The monumental terracotta sculptures from the Alcobaça Monastery, mostly produced by the monks of the Cister Order during the last third of the 17th century, are one of the most important sets and original works of art from this period, both aesthetically and technically recognized by Portuguese and international historiography. Integrated in a UNESCO World Heritage monument since 1989, they acquired visibility both for this reason and due to their dimensions, each circa 2 metres (6.6 feet) high.

At the present time these sculptures are in a very frail state, and their visibility has been compromised by poor preservation conditions, which put them in a serious risk of total loss. Contributors for this situation are mainly the terracotta material alterations, provoking a total loss of cohesion, causing polychromy desegregation and parts to frequently fall apart. Some attempts to mitigate the degradation process forced several interventions to take place during a two centuries time span, interventions that proved not successful.

The aim of this project is to comprehend the alteration processes of this monumental terracotta sculptures from the Alcobaça Monastery, and further allowing a future sustainable conservation intervention. A second objective, that will support the intervention, is the investigation and development of compatible mineral consolidants based in geopolymer composites, with properties that can meet the necessary criteria for a proper conservation intervention. For these objectives to be met, studies, analysis and testing will take place oriented by four complementary action guidelines:

1. Historical and artistic study of the pieces in the Portuguese and European context of the 17th century terracotta sculptures, with particular attention to the high-chapel set. To fulfil this purpose, an archival research will be made in the “fundos alcobacenses” (primary sources) existent both in the Biblioteca Nacional de Portugal (Portuguese National Library) and in the Instituto dos Arquivos Nacionais Torre do Tombo (National Archives), as well as in other and later (mainly from the 19th and 20th centuries) documents existent in the Alcobaça archives. Comparative studies of similar production areas in Spain (Sevilla), Italy (Turin) and France (Main and Anjou) will also be carried out. From this investigation the team hopes to acquire information related with the clay raw-material exploration and ceramic transformation activity in Alcobaça region, and the commerce of pigments used in the sculptures polychromies.

2. Characterization of the ceramic supports composition, the raw clay material provenance (geological context). The determination of the thermal transformations that occurred in mineral phases during the ceramic body production and investigation of the reactions that originated the current loss of cohesion, will be studied through samples analysis from the sculptures and clay raw material from the Monastery neighbourhood, after thermal transformation and accelerated aging in climatic chambers, with the same properties as the terracotta from the sculptures. To answer these problems several analytical methods will be used: for the study of ceramic and clay raw materials X-ray diffractometry (XRD), wavelength dispersive X-ray fluorescence spectrometry (WDXRF) and scanning electron microscopy coupled to energy dispersive X-ray spectrometry (SEM-EDS) will be employed. The results, namely those relating to the elemental composition, will be treated by multivariate statistical analysis (such as grouped and principal component analysis) in order to find similarities that can help in the determination of the raw materials sources.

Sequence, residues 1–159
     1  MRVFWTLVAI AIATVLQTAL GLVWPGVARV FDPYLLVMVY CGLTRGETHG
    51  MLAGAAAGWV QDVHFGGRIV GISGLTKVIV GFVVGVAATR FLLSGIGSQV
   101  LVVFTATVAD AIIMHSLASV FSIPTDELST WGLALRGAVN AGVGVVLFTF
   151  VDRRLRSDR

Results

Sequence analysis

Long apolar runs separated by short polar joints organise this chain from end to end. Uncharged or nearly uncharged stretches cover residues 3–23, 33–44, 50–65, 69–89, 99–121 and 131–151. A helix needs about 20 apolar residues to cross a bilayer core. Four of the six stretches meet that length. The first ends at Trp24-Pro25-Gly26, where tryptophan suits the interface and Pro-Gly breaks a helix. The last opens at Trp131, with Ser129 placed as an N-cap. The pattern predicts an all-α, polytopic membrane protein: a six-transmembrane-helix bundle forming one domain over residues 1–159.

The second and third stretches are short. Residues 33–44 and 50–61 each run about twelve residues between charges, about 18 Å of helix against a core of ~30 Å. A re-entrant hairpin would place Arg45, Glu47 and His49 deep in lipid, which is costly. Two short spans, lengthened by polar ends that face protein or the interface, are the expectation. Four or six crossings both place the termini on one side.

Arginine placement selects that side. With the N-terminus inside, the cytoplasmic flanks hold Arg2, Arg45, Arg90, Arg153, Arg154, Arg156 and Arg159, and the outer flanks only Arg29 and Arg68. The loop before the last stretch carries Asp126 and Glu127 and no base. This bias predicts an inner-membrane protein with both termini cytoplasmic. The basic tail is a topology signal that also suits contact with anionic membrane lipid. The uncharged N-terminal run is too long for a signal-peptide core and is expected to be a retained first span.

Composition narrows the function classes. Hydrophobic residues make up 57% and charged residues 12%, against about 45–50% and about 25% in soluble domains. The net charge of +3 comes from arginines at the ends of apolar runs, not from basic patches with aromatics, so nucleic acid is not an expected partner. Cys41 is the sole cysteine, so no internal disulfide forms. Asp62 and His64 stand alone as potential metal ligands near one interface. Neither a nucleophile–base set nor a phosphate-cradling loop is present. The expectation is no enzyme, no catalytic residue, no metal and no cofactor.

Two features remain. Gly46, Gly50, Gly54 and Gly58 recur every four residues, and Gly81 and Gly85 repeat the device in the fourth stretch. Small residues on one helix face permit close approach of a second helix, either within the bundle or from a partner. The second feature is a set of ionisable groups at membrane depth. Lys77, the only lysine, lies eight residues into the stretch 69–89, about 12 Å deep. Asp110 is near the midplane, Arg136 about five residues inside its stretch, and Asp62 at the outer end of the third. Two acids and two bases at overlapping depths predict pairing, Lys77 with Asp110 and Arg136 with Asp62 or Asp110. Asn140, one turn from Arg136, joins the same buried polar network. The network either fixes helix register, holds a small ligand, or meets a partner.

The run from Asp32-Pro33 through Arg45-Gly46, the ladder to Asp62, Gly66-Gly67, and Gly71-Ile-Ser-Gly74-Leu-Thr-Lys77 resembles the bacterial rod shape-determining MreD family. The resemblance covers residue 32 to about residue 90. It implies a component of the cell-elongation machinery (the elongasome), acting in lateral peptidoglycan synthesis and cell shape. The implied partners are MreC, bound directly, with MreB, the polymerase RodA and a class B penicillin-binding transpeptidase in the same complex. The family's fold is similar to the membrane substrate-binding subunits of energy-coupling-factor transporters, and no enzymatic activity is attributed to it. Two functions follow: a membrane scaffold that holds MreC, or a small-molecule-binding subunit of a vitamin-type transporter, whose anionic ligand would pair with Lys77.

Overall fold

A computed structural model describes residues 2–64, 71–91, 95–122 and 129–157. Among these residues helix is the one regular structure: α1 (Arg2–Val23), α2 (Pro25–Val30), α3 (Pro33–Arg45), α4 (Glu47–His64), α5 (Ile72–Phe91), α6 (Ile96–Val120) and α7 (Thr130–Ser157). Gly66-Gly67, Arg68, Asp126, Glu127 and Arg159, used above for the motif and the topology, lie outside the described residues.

3. Study of the several layers existent over the ceramic body, namely the polychromatic ones, and the preparation layer. This involves the identification and characterization of pigments, specially the mineral inorganic ones, and the gold leaf, both applied through time in several strata. This data will be very important to compare and look for specificities with ones used in canvas and wood supports. The polychromy analysis will be carried out in situ with the use of non-intrusive techniques such as colorimetry and energy dispersive X-ray micro-fluorescence spectrometry (µ-EDXRF). Materials characterization will be complemented with a micro-sampling study, which will also allow the classification of the several layers preservation status. These micro-samples will be studied by optical, spectrometric and diffractometric techniques.

4. Investigation and development of inorganic consolidants, based in metaKaolinite geopolymeric composites. These need to confirm the necessary properties that enable their application as consolidants of works of art compatible with the system constituents and their respective physical, chemical, mechanical and aesthetical properties. In addition to the necessary procedures and analysis for obtaining those consolidants, compatibility tests will be performed to aged samples that show similar degradations that the original sculptures. The evaluation will be done before and after the aging tests applied to samples treated with those consolidants. An “in situ” model of a conservation intervention will be completed in order to show and make the results known to the public in general. A diffusion campaign will be organized with the purpose of alerting the community for the heritage conservation problems, enabling, and facilitating their involvement in the safeguard of this important cultural heritage. The results achieved by the project will also be disseminated through seminars of specific and general scales in order to contribute to the preservation of the local collection of terracotta sculptures.